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Tuesday, July 22, 2008

Damon Runyon (1884-1946)

Alfred Damon Runyan was born October 4, 1884, in Manhattan, Kansas. He grew up in Pueblo, Colorado, and later moved to Denver. His family was good friends with William Barclay "Bat" Masterson, who found him work as a sportswriter (which Masterson also did) in New York. He tried to start a minor baseball league in Colorado but when that didn't work out, he moved to New York, with the help of Bat Masterson.

He became the reporter for the New York Giants. When a proofreader incorrectly edited the spelling of his name, so Runyan became Runyon. The editor also left off his first name Alfred.

In 1911, he began courting Ellen Egan. Runyon was a hard drinker and a heavy smoker. The drinking almost lost him the love of his life. He quit the drinking and he got to keep the girl. Runyon remained a heavy smoker.

Runyon was the leg man for both Ed Sullivan and Walter Winchell when they started their careers as gossip reporters. He developed friendships with many of the notorious New York City gangsters of the era. He took notes and wrote stories about everything.

With Ellen, he had two children, Mary and Damon, Jr. Their marriage was broken up in 1928 when he began seeing a woman from Mexico he met several years earlier when he was reporting on raids by Pancho Villa. Mary died of cirrhosis in 1932 and Runyon married that woman, Patrice Amati del Grande. Just before Runyon died, Patrice left him for a younger man.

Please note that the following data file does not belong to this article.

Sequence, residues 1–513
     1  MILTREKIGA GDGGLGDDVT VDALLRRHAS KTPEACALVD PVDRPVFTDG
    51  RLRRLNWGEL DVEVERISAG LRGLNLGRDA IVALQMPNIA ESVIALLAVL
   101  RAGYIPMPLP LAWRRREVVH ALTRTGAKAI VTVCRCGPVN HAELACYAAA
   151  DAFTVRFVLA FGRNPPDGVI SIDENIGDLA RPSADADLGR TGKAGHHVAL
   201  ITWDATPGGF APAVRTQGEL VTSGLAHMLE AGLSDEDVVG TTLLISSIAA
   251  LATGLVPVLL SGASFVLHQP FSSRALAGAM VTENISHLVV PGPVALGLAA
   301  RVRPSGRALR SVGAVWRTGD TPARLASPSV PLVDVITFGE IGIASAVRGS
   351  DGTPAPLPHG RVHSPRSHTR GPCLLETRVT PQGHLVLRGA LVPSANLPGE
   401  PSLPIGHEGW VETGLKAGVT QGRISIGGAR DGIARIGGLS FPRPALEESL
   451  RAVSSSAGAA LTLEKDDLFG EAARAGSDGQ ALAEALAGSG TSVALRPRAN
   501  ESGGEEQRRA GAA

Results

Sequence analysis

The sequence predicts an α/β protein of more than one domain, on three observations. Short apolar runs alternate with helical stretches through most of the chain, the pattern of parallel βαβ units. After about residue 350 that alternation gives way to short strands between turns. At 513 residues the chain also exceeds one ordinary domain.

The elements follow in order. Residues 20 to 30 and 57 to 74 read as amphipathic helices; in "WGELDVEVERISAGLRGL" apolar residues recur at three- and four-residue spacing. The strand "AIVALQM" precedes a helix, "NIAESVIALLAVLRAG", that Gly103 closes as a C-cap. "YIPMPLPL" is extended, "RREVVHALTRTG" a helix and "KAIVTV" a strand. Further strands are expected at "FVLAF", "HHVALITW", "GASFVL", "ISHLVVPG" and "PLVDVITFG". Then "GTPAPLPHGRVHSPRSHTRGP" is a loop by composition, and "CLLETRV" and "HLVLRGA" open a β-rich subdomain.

Runyon wrote many short stories for several periodicals involving gangsters, whose names he changed. They were immensely popular. Some of the stories were, The Lemon Drop Kid, Little Miss Marker, Guys and Dolls, The Palm Beach Santa Claus, Lady for a Day, and there were many, many more. In the stories, mobsters are not seen as being bad, just naive. There's very little in the way of any violence. Many of these stories were heard on radio programs in the 1930s and 1940s.

As he was a heavy smoker, Damon Runyon died of cancer in New York City on December 10, 1946. A friend to many celebrities, his will stipulated what to do with his body when he died. It said that Eddie Rickenbacker fly first over Broadway and scatter his ashes on the street. Then he was to go to Woodlawn Cemetery in the Bronx and fly close to his first wife's grave. He did it.

Walter Winchell set up the Damon Runyon Cancer Fund which has been one of the most successful charities in history. After Winchell succumbed to cancer himself, the name was changed to the Damon Runyon-Walter Winchell Cancer Fund.

In January 1949, Alan Ladd's Mayfair Syndication Company began producing a radio comedy series based upon the stories of Damon Runyon. The Damon Runyon Theater aired for about a year.

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